Mexico's private sector chemicals firms said to be in crisis

20 February 2002 00:06  [Source: ICIS news]

MEXICO CITY (CNI)--Mexico's private sector chemicals industry is in crisis because of high fixed natural gas costs and an inequitable feedstock pricing model set by the government, a key industry leader said Tuesday.

Cesar Conde, head of the chemicals division of Canacintra, Mexico's top manufacturers lobby, warned that some of Mexico's chemicals firms face bankruptcy if current conditions are not soon remedied.

"The industry is in crisis," he said.

The industry's chief complaint is that feedstocks sold by state-run oil monopoly Petroleos Mexicanos (Pemex) are priced too high and keep Mexican chemicals producers from being competitive internationally. In Mexico, only Pemex is allowed to produce most major feedstocks, defined as "basic petrochemicals," such as hexane, heptane, pentanes, naphthas, ethane, propane, butane and isobutane, as well as others.

But Conde blames Mexico's revenues-focused Finance Ministry for the high feedstock prices, rather than Pemex, noting that the ministry has final word in determining the pricing model.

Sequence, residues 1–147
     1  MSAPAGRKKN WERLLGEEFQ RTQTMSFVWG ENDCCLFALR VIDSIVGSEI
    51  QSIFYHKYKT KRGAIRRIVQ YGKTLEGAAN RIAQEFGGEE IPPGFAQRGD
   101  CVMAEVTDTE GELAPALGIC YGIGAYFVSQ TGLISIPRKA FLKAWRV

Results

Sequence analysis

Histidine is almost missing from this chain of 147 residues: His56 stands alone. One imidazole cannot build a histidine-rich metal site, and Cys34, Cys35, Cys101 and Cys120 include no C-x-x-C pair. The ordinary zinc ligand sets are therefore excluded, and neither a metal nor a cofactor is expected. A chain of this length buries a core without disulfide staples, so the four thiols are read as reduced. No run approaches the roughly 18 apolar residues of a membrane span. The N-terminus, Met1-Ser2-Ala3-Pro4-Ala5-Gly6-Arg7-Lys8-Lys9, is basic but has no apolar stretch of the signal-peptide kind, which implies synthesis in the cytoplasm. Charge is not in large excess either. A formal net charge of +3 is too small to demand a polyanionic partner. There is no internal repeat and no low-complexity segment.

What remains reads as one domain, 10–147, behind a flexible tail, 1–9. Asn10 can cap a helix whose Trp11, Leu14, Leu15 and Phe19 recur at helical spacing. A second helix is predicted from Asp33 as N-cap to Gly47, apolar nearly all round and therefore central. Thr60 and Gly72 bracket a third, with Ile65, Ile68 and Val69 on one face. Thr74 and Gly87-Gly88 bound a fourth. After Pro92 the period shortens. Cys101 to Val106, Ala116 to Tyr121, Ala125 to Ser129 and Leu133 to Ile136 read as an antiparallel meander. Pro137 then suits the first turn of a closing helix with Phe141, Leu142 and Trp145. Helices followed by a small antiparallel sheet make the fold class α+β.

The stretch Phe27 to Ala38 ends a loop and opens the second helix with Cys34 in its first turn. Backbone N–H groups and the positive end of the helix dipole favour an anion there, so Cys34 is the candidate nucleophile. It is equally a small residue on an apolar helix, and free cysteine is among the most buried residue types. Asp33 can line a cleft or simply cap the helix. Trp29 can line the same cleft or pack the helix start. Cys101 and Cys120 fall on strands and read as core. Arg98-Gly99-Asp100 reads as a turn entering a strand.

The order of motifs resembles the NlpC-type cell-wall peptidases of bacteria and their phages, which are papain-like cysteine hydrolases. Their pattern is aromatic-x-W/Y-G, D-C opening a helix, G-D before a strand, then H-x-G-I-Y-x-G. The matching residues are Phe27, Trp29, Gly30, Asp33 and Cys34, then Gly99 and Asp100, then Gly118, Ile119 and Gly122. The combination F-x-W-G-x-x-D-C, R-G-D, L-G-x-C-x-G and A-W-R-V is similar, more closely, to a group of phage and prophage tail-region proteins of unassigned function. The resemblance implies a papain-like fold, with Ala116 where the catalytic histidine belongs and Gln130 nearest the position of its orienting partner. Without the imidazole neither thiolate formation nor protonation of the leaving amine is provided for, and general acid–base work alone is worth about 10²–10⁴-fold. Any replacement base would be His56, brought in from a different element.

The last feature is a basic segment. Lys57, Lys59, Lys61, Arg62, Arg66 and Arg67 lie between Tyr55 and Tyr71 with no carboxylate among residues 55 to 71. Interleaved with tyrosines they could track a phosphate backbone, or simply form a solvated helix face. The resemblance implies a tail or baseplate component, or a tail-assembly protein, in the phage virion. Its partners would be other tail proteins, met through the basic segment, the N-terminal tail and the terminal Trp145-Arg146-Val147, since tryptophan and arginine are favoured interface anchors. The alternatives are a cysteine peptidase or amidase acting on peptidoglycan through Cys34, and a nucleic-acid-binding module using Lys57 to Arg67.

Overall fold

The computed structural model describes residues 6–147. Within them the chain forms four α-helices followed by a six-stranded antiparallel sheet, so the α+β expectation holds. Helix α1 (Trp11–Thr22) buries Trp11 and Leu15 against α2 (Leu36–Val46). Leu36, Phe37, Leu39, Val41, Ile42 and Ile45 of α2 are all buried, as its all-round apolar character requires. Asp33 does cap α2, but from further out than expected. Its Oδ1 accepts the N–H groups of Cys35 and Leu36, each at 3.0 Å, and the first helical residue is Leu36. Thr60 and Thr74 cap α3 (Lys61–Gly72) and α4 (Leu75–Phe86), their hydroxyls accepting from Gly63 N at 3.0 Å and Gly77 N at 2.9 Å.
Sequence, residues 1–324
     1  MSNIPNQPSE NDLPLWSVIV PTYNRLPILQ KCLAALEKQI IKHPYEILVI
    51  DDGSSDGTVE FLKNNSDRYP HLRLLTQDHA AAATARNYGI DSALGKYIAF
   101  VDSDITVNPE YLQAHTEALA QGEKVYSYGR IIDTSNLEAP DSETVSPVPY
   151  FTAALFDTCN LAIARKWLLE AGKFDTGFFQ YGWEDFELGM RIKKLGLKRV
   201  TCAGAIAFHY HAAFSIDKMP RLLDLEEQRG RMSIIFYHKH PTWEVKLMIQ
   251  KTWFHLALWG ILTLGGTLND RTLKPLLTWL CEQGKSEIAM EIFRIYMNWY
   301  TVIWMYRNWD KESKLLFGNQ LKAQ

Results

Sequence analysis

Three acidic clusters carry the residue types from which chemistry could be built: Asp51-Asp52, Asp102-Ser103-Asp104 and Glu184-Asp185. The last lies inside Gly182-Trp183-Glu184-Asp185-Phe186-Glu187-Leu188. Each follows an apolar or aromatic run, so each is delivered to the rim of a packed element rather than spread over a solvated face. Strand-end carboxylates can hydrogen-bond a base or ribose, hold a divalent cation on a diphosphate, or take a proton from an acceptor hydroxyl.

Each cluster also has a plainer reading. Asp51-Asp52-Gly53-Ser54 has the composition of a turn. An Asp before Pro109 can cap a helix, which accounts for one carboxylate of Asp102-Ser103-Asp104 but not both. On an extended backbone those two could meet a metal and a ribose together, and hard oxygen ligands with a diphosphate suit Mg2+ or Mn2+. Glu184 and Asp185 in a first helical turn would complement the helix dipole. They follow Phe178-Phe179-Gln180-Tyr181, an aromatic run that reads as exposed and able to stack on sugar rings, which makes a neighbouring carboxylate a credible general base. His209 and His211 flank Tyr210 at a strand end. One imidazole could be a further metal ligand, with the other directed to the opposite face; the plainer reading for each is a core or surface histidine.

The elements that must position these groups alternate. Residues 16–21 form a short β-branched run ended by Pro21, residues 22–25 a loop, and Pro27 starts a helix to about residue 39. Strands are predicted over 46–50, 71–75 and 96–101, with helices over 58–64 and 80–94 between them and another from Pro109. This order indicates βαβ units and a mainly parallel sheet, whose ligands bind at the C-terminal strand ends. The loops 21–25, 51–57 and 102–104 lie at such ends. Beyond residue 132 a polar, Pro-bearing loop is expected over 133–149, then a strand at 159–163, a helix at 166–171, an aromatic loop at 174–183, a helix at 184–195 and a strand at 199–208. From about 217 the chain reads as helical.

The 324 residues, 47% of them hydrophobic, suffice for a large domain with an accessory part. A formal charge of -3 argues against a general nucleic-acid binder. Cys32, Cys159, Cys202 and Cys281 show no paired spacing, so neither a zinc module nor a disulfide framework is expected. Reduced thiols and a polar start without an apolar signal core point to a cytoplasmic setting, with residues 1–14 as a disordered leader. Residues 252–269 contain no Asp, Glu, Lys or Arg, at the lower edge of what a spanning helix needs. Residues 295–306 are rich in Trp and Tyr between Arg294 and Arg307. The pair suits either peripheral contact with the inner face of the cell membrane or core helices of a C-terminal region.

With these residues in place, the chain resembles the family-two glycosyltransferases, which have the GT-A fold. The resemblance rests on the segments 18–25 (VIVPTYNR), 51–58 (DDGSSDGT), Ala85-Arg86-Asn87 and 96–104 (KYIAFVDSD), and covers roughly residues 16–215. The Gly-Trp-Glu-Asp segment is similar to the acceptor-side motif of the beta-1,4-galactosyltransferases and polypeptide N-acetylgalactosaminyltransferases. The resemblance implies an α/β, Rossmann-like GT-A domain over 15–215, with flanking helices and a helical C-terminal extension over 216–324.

Above-market natural gas prices also burden the industry, Conde said, further reducing the chemicals manufacturers' competitiveness in the ongoing global economic slowdown.

Because Pemex also has a monopoly on natural gas sales in Mexico, chemicals makers can't compare prices of the key fuel in an open market. Moreover, much of Mexican heavy industry remains locked into three-year contracts with Pemex that guarantee supply but at above-market prices, Conde said.

The three-year contracts were drafted around first quarter 2001 when natural gas prices were spiking globally. The contracts gave Mexican heavy industry rights to purchase natural gas from Pemex at the then sub-market price of $4/mBtu. Though current world natural gas prices are well under $4/mBtu - as low as $2.40/mBtu - Pemex hasn't renegotiated the contracts, Conde noted.

Domestic feedstocks availability would be improved if Pemex exported less crude oil to US refineries and processed more of the fuel and its derivatives at home, Conde said.

By: Robert Donnelly
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